Keeping an eye out for your poop!

Clara Akemi

Clusters of small balls, banana, mushy… Have you ever wondered what your stool looks like after you use the bathroom? By the way, do you usually check the toilet bowl after defecating? You might be wondering why I'm asking this question. Let me tell you that our poo gives an overview of the body's metabolic function and therefore about our health.

Since 1997, many nutritionists, gastroenterologists, colorectal surgeons and proctologists have been using the Bristol scale to verify the bowel health of their patients based on the consistency and shape of their feces. The scale ranges from grade 1, represented by loose ball-shaped, indicating little water intake, resulting in extremely dry and hard ones; it passes through grade 4 identified by banana-shaped, considered the healthiest because it comes out with ease in a perfect form and consistency that doesn't even dirty the toilet paper; and it ends with the worst and most severe of all, grade 7 characterised by explosive diarrhea when the person has trouble holding onto his fecal matter as if he were expelling something that the body can't tolerate, maybe because of food intolerance like lactose.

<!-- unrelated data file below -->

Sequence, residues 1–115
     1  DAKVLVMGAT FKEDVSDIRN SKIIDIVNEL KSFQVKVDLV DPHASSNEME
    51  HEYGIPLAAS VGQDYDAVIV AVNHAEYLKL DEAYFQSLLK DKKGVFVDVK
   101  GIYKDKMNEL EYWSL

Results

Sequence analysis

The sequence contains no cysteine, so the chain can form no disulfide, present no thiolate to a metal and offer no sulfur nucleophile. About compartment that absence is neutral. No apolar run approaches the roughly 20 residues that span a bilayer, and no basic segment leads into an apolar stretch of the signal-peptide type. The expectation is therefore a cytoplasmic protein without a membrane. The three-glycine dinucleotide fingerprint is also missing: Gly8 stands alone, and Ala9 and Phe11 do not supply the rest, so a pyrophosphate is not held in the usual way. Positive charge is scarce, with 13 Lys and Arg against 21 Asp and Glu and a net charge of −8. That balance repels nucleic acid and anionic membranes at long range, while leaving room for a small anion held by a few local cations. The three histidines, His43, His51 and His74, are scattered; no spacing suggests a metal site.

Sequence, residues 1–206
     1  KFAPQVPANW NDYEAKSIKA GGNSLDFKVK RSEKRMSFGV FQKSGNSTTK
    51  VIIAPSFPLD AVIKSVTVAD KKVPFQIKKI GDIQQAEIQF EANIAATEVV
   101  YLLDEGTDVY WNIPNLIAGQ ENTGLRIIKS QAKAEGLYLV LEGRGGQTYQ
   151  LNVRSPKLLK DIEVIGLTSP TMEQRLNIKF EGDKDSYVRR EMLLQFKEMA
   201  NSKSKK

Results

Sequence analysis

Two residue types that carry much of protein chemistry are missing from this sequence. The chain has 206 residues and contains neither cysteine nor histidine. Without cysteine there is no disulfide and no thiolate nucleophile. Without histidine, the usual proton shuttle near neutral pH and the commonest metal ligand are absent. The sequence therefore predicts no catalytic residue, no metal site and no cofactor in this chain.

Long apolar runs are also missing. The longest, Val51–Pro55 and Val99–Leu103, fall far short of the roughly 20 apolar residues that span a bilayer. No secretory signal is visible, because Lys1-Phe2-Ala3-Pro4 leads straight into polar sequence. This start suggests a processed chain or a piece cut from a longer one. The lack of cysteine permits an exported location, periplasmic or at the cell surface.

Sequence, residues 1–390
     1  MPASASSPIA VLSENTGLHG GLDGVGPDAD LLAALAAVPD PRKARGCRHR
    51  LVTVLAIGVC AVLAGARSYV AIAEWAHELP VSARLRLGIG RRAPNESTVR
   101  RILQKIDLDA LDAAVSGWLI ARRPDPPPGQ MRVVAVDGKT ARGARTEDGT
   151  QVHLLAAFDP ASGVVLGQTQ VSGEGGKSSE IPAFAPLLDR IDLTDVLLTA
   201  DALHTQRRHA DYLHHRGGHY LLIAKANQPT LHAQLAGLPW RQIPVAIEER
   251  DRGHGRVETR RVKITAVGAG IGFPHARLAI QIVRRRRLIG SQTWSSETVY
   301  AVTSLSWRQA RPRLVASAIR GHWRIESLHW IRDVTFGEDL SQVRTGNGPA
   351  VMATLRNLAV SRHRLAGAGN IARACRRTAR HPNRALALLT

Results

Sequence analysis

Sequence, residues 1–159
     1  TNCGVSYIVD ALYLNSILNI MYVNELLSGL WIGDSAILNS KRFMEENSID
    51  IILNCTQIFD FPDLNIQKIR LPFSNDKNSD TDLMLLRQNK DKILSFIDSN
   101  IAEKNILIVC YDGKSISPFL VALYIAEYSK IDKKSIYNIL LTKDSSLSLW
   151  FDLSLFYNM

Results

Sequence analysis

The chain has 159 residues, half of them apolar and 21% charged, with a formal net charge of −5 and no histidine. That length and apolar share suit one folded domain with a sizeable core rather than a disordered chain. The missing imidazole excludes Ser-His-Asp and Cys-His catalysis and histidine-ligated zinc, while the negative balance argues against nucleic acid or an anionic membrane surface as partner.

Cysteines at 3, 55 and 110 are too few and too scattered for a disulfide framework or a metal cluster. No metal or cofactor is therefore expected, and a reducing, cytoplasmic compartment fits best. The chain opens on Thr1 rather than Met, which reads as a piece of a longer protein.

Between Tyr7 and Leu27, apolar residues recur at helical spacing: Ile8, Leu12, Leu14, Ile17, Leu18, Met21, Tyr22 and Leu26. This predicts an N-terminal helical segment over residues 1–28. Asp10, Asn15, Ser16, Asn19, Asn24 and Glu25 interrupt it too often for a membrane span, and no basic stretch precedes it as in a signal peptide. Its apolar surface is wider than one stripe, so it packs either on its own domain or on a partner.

And if not even can you stand the foul smell of your poop, it can be a sign of overeating animal protein, or your stomach has trouble digesting egg and in particular red meat due to the low production of digestive enzymes; consequently, undigested pieces are discarded in the gut causing decay.

By the way, the intestine is considered our second brain (that’s probably the reason why so many people talk a load of crap😅). Be that as it may, besides absorbing nutrients and excreting toxins, it also plays a very important part in producing neurotransmitters responsible for good cognition and reasoning. It is estimated that over 95% of the serotonin in our body is produced in this organ and brought to our brain, providing emotional stability, well-being, good mood, pleasure and happiness.

Thus, maintaining proper intestinal function requires ingesting probiotics, which will help increase the colony of good bacteria, on top of drinking plenty of water and consuming soluble and insoluble fiber. Remember that certain foods and drinks, like alcohol, sugary foods, trans fats, and heavily processed foods with artificial preservatives and dyes, can cause constipation or diarrhea.

So, watching your stool is one way to understand how your bowel is overall health and thus prevent many diseases.

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